[PATCH bpf-next v2 1/5] bpf: Implement file local storage

Alexei Starovoitov alexei.starovoitov at gmail.com
Thu Aug 26 22:23:47 UTC 2021

On Thu, Aug 26, 2021 at 07:09:09PM +0530, Kumar Kartikeya Dwivedi wrote:
> +BPF_CALL_2(bpf_file_storage_delete, struct bpf_map *, map, struct file *, file)
> +{
> +	if (!file)
> +		return -EINVAL;
> +
> +	return file_storage_delete(file, map);
> +}

It's exciting to see that file local storage is coming to life.

What is the reason you've copy pasted inode_local_storage implementation,
but didn't copy any comments?
They were relevant there and just as relevant here.
For example in the above *_storage_delete, the inode version would say:

/* This helper must only called from where the inode is guaranteed
 * to have a refcount and cannot be freed.

That comment highlights the important restriction.
The 'file' pointer should have similar restriction, right?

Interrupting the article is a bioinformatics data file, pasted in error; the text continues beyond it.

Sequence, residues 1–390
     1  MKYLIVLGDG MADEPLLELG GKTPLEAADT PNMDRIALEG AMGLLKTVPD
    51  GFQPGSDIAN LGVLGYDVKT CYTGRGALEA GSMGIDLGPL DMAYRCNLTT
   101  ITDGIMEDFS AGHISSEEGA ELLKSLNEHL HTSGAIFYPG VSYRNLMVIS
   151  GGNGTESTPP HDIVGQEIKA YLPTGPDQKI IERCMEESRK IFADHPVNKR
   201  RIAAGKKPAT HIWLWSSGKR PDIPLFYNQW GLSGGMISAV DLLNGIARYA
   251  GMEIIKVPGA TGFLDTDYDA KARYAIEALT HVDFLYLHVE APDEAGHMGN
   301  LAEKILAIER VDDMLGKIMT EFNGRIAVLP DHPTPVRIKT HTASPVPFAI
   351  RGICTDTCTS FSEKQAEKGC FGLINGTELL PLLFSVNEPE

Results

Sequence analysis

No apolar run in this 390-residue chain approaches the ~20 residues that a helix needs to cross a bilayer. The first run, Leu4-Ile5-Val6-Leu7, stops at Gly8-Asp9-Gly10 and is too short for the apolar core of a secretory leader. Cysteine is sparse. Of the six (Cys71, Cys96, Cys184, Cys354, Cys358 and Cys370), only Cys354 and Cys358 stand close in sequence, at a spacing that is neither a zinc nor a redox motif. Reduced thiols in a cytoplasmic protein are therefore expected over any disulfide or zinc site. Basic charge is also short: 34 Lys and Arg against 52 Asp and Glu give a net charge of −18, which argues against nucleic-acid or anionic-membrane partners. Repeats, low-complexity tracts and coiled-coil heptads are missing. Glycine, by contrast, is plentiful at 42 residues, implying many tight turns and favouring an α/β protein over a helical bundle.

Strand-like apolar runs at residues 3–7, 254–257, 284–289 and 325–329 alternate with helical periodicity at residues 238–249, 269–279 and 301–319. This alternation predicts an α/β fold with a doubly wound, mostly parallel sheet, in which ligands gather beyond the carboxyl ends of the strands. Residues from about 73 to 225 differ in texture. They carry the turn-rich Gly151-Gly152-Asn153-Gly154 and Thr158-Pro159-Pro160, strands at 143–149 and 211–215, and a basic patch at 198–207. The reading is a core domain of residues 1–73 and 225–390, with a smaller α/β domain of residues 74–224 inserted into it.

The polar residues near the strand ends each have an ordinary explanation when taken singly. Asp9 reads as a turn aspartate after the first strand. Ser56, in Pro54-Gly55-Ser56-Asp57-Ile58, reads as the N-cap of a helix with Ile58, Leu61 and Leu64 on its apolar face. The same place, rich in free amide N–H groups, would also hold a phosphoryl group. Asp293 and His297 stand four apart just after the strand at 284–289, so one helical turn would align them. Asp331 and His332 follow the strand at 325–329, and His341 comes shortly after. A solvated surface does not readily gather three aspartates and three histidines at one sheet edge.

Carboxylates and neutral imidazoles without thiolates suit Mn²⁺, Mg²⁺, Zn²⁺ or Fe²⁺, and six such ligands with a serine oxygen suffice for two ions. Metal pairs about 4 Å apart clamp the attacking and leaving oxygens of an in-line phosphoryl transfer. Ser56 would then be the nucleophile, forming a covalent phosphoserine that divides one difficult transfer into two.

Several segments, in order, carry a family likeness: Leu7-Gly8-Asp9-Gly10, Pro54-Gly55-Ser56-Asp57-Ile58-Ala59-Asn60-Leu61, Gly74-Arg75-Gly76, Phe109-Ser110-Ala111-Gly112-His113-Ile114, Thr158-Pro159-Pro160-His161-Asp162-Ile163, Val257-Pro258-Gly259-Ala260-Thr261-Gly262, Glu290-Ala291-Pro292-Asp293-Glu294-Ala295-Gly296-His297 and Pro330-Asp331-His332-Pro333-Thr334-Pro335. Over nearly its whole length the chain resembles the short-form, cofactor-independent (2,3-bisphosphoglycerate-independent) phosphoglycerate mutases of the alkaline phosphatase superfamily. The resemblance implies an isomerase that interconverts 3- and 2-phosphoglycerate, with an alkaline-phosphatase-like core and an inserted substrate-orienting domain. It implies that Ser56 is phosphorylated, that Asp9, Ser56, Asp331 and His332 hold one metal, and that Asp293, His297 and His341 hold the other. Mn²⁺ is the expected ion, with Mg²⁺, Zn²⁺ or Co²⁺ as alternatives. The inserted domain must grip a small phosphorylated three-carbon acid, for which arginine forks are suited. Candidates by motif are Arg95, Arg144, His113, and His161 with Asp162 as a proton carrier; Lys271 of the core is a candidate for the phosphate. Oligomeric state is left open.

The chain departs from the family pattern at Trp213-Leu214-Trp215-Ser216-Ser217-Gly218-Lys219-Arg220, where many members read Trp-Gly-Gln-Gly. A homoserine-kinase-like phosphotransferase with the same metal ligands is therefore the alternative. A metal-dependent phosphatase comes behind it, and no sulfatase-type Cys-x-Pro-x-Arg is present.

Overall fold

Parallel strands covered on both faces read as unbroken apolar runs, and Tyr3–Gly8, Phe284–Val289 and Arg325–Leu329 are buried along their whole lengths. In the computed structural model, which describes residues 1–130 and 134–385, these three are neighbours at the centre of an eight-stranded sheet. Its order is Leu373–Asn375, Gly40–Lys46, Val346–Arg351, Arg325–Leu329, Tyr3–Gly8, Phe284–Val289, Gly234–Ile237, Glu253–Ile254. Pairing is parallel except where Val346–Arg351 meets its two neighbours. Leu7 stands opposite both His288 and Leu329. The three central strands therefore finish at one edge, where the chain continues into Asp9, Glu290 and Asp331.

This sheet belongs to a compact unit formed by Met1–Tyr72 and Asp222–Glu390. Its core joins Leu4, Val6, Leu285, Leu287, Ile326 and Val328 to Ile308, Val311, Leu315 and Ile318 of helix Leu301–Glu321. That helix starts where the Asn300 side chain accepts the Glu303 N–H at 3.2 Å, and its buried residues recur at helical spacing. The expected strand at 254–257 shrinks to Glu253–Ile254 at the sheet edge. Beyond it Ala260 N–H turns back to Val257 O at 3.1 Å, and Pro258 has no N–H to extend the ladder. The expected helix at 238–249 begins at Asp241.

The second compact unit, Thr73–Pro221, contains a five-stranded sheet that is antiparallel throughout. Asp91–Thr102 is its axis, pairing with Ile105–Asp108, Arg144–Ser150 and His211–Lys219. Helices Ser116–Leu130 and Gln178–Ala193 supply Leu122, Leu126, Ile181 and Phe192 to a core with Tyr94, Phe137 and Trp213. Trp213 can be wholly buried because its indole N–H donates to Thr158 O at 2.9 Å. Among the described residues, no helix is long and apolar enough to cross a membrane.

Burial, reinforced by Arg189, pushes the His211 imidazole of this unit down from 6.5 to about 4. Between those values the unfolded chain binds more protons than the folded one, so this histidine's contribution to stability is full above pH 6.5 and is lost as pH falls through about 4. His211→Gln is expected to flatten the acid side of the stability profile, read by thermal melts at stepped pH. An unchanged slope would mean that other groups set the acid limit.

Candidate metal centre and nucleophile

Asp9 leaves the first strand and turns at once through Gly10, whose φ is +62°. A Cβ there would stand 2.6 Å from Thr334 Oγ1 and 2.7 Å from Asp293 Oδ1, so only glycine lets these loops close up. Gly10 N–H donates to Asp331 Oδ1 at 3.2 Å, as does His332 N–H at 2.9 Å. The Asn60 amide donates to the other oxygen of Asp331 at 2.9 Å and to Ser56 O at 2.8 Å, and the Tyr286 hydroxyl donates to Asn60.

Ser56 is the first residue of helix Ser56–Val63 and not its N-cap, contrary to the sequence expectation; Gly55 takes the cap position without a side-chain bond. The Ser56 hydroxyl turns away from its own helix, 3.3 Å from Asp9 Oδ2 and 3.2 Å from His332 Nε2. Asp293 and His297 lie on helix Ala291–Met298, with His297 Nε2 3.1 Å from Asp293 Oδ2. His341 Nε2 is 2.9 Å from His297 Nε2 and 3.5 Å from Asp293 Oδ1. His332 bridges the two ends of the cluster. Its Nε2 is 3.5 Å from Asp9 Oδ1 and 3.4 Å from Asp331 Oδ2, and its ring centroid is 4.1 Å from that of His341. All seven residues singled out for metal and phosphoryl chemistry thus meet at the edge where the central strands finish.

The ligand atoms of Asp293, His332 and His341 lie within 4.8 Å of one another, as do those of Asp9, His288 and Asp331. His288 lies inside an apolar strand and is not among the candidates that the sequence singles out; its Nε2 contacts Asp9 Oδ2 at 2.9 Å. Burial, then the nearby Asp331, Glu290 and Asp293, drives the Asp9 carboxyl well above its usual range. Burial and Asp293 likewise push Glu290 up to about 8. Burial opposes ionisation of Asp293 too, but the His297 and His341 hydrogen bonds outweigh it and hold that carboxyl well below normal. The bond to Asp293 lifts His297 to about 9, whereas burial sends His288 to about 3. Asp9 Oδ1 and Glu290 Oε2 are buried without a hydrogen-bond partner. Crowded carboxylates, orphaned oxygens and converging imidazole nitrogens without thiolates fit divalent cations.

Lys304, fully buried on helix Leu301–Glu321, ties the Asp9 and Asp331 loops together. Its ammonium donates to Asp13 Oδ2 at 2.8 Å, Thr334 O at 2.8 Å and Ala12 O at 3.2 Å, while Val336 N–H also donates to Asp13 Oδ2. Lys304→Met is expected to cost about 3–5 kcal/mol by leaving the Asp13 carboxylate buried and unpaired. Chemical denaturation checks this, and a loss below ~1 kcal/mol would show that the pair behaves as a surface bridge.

But files are trickier than inodes in terms of refcnt.
They are more similar to sockets,
the socket_local_storage is doing refcount_inc_not_zero() in similar
case to make sure socket doesn't disappear.

May be socket_local_storage implementation should have been a base
of copy-paste instead of inode_local_storage?
Not paying attention to comments leads to this fundamental question:
What analysis have you done to prove that this approach is correct vs
life time of the file object?

The selftest hooks into lsm/file_open and lsm/file_fcntl.
In these cases the file pointer is valid, but the file ptr
can be accessed via walking pointers of other objects.

See commit cf28f3bbfca0 ("bpf: Use get_file_rcu() instead of get_file() for task_file iterator")
that fixes a tricky issue with file iterator.
It highlights that it's pretty difficult to implement 'struct file' access
correctly. Let's double down on the safety analysis of the file local storage.

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